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12° Nicosia,
30 May, 2024
 
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Turkey, the most unreliable ally of the West

''The history of the last 100 years and more proves this since this country not only did not ally itself with its Western partners and allies but was opposed to them''

Opinion

Opinion

By Kyriacos Jacovides*

The latest developments in the Middle East after the terrorist actions of Hamas and the reaction of Israel have proven once again that Turkey does not want and does not belong to the Western alliance. Tayyip Erdogan’s decision to align himself with the extremist Islamists of Hamas and Iran clearly shows where the country is heading.

In fact, Turkey has never been a reliable partner and ally. The history of the last 100 years and more proves this since, in many critical historical periods, this country not only did not ally itself with its Western partners and allies but was opposed to them.

In World War I it fought against the West, while in World War II it remained defiantly neutral, even facilitating the advance of Nazi Germany towards the then-Soviet Union after the conquest of Greece. It also allowed the passage of German warships through the Bosphorus Straits and “declared” war on Germany in February 1945, when the Allies reached the outskirts of Berlin.

When the United States decided to attack Iraq in 2003, it asked Turkey to use the American bases in the country but also to allow ground troops to pass through Turkish territory and invade northern Iraq. Washington even offered Ankara billions of dollars in financial aid, much-needed cash, the cancellation of various debts and the donation of military equipment. Washington’s request was turned down, resulting in valuable time being lost, military plans being changed and much more money being required to move the US armed forces from elsewhere.
In the war against the Islamic State, Turkey essentially sided with the ISIS terrorists, which it financed. As satellite images and videos released at the time revealed, hundreds of trucks were coming and going every day from the south of the country to areas controlled by the Islamic State and carrying oil back to Turkey. It was even estimated that Turkey was paying ISIS terrorists a million dollars a day to buy the oil.

But Turkey did not stop at buying oil from the Islamist terrorists and financing them. It was also revealed to be supplying ISIS with military equipment when, as the Turkish newspaper Cumhurriyet reported in May and June 2015, the Turkish gendarmerie stopped a convoy of trucks for inspection. According to the gendarmerie report, the trucks belonged to the MIT, the Turkish Intelligence Services, and were carrying explosives. Cumhurriyet published photos of the trucks and a video documentary on its website, which proved that weapons and jihadists were being transported to an Islamic State camp in Syria. The official Turkish state was arming ISIS terrorists.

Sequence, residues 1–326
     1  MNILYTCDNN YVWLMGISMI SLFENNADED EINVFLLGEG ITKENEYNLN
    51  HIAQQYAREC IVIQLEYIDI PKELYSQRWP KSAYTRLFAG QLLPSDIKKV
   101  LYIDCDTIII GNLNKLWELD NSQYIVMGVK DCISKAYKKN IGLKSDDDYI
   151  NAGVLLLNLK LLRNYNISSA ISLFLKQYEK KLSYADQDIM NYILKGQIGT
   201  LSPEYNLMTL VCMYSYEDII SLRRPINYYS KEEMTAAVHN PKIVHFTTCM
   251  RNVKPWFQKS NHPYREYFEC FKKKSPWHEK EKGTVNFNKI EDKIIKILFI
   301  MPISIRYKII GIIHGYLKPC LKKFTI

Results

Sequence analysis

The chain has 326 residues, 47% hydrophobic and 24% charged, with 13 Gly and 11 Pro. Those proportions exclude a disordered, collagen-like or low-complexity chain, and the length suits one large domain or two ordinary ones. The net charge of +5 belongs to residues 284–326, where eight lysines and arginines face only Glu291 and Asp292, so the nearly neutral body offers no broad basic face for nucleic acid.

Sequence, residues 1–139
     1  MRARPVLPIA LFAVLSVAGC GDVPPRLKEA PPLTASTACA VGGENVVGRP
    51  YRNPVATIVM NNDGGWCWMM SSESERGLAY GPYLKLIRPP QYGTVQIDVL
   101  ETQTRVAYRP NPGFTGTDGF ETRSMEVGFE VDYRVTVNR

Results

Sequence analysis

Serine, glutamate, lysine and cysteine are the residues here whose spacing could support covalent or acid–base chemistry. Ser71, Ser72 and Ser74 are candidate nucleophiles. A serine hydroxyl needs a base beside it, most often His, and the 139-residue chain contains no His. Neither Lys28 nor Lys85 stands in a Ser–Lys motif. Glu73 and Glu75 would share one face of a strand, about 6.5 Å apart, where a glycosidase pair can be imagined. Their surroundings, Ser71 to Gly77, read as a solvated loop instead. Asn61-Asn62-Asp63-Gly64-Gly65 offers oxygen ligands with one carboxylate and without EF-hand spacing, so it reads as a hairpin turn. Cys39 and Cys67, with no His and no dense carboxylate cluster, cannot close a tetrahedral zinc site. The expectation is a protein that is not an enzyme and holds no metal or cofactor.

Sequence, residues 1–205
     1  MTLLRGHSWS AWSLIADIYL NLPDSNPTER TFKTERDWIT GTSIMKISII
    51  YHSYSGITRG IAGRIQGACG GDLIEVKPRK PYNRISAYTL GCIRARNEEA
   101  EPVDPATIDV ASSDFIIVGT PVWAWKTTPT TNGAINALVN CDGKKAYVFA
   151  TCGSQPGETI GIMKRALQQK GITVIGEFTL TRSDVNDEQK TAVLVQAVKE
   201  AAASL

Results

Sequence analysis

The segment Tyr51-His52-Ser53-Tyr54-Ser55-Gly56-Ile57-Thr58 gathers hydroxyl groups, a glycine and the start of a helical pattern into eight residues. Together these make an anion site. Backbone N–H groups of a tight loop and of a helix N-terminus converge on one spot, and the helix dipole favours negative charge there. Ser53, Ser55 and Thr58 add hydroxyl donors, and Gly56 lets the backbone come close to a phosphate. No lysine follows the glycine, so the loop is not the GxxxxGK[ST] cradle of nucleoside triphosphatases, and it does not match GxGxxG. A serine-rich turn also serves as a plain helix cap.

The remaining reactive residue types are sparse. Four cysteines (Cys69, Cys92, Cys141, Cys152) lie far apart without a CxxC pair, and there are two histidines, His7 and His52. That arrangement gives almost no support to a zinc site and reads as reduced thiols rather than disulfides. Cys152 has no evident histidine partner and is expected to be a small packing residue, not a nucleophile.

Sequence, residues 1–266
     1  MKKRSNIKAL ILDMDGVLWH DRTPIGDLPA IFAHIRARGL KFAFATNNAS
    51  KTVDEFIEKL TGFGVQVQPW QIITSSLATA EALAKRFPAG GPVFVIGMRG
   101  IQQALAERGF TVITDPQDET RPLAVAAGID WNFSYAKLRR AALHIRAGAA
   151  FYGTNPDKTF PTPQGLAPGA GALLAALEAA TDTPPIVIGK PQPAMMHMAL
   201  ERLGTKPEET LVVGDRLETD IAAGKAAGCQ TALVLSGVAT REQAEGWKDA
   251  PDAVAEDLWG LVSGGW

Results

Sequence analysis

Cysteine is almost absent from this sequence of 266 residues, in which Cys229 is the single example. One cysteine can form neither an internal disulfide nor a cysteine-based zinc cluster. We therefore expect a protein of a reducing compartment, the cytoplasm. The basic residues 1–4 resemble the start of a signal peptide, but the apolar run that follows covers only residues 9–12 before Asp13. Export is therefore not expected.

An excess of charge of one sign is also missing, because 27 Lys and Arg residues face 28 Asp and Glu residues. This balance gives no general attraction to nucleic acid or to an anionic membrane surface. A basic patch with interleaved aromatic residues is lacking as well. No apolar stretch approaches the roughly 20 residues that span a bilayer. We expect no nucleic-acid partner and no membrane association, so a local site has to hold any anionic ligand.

Recently, with Russia’s invasion of Ukraine, Turkey is playing a double game: It sold some drones to Ukraine but distanced itself from the sanctions imposed by its Western “allies” against Russia and Russian oligarchs. It refused to close its airspace to Russian aircraft and at the same time turned itself into a safe haven for Russian oligarchs, against whom sanctions were imposed by the US and the EU.
Even on the issue of Sweden’s NATO membership, Turkey asked for absurd trade-offs that had nothing to do with the North Atlantic Alliance, such as issues related to its EU accession path.

With the current crisis in the Middle East, Erdogan’s Turkey has aligned itself with Iran and Muslim extremists. His daily inflammatory statements and those of other Turkish officials have created such a cold war climate that, combined with violent protests, have forced the US to close its consulate in Adana, while Israel has ordered all its diplomats to leave the country.

So, this is Turkey. It turns out that over time it has been confronting its allies and constantly creating problems for them. Some high-ranking officials’ argument that Turkey has the largest army in NATO after the US means nothing. It has been proving this continuously for more than 100 years with its behavior. It has never fought a war with the Allies. It has always been on the opposite side. This erratic Turkish policy has been further exacerbated in the last 20 years with the rise to power of Tayyip Erdogan, who seeks to become the political leader of the Islamic world.

It is time to change the view prevailing in NATO’s highest levels that because of its geostrategic position, and the fact that it has the second largest army in the alliance, Turkey is indispensable for the West and its security. It is a view that Ankara fully exploits, and as a result, it often pursues a policy that runs counter to that of its allies, as it is doing now with the crisis in the Middle East, but also for the past year and a half on the issue of sanctions against Russia and the purchase of the S400 missiles.

The Americans, who are the dominant and driving force in NATO, have already started to form scenarios regarding the security and future of the alliance without Turkey. The development of the port of Alexandroupolis for military purposes and the doubling of the Suda base are indicative of Washington’s intentions. US foreign policy is likened to an aircraft carrier: to turn around it needs a lot of space and time. And once it starts to change course, it doesn’t stop. Time will tell. Cyprus and Greece should take advantage of the new facts. They must and they can.

* Kyriacos Jacovides is a Journalist and Political Scientist.

 

TAGS
Cyprus  |  Turkey USA  |  West  |  allies

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